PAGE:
FinanciallyChallengedbutLearning

I love this blog and the responses I have read so far. Oh I initially wanted to comment on the PB&J oh how I love it and tuna fish, cheap and easy yet you don't feel like you are sacrificing.
In the last two years I think I have made every financial mistake known to man except for insider trading because I did not have anything to trade. But I have re-financed my house to help with kids college tuition, filed banktruptcy to buying Louis Vuitton purses I just had to have. I am learning that a savings account should have in it more than the minimum amount to keep it open. Hopefully as I continue to grow and learn my future lessons won't have to be so difficult or my head not as hard. Thank you for this forum. NY

Julie Rains's picture

It took me a while to figure out why you referenced bailbondsmen -- I am thinking that they (the Fed) make promises on someone else's behalf (Bear Stearns), guaranteeing payment if Bear skips town.

At least you knew, 10 years ago, where you were driving and the amount of money you needed to get there. Not knowing the extent of the problem (and why don't the investment banks know how much?) is what I find most disturbing.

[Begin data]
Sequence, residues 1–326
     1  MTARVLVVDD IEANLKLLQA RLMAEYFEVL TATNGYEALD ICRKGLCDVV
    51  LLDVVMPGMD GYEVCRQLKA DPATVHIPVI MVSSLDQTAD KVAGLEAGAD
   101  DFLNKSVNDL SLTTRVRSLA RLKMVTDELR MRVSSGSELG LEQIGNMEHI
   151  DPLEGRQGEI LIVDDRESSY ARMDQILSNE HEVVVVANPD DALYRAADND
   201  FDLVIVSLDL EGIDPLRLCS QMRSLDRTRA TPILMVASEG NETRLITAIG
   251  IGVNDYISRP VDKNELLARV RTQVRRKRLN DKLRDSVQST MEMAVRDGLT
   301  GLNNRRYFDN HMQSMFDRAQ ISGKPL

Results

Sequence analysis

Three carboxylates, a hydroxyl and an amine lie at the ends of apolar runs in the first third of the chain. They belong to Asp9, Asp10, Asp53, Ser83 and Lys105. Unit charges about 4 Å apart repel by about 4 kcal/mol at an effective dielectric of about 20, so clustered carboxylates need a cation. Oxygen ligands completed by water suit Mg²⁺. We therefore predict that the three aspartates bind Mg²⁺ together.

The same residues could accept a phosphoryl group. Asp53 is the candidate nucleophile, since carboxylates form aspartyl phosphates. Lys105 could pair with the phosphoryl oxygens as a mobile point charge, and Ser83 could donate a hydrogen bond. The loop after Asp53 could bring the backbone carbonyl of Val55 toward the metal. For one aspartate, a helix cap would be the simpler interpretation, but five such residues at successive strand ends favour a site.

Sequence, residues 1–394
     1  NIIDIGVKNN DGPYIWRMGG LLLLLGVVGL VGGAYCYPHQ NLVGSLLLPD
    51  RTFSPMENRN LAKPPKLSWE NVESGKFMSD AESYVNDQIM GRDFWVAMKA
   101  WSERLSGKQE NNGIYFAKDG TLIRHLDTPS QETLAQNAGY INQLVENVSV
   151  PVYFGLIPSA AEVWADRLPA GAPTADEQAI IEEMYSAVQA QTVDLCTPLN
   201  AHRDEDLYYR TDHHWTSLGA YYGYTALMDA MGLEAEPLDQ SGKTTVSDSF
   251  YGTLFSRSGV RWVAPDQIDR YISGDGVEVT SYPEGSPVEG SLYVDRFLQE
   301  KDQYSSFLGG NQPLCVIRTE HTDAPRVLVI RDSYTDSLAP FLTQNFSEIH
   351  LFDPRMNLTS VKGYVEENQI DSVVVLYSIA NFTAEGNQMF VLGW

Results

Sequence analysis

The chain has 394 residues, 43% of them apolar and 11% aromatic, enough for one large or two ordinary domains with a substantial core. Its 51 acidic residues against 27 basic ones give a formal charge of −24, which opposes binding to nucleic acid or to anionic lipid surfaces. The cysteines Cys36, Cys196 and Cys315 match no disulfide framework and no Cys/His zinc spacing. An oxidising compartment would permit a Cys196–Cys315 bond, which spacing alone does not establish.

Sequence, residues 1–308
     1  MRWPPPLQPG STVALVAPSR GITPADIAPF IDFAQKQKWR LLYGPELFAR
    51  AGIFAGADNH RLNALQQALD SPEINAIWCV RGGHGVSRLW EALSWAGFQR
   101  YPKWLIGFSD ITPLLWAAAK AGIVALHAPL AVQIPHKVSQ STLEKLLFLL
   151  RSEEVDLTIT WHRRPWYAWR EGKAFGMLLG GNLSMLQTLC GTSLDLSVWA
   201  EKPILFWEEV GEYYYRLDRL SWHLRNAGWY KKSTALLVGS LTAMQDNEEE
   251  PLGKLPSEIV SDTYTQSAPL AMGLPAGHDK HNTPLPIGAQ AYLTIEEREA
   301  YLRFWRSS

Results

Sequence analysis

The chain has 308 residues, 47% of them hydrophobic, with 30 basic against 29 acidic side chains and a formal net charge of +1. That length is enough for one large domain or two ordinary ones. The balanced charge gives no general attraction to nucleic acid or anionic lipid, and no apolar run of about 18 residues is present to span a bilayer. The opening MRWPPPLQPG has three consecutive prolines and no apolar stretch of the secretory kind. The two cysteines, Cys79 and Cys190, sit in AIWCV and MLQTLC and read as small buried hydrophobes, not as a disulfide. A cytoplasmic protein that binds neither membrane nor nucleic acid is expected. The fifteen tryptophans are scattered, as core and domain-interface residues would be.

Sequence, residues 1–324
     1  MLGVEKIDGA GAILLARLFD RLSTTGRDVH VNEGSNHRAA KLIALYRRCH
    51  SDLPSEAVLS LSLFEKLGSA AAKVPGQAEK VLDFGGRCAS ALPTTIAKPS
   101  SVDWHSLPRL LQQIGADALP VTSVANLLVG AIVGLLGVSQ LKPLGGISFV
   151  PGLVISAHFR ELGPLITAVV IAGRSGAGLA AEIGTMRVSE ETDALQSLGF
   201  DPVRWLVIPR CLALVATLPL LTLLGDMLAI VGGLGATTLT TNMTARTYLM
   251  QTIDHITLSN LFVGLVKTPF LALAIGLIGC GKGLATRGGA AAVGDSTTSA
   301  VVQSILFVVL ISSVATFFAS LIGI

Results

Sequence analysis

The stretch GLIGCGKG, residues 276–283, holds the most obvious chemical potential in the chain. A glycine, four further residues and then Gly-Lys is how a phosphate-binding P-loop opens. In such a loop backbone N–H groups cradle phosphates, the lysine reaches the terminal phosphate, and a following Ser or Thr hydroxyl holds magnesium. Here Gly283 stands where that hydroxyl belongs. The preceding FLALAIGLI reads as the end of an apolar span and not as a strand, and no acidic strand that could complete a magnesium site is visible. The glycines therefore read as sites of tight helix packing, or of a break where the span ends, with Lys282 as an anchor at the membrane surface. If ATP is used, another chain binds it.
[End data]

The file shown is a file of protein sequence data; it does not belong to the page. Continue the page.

Jabulani Leffall's picture

And what's sad about it is I don't think the people at Bear cared where they were going and what eventually would happen, as long as those advisory fees and points on vigs and trades and hedge positions were coming in, it didn't matter to them and this is why James Cayne, the CEO left with $200 million, he could've gave a rats pitootie. He had surety, he knew he would be bailed out and acted accordingly that sucks. 

 

 

Jabulani Leffall

Monetary Gadfly, Common Currency

00000 Broke Blvd. Kitchenette #68 & 1/2

Lowcash, CA 90000-0000

Guest's picture

Nothing wrong with being the borrower on good, appreciating (over the loong term) stuff like real-estate.

Nothing shabby about being the lender, either, if the vichy is good ...

Praise for the prose :)

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Guest

I am commenting more on the title than on the article, which I haven't read.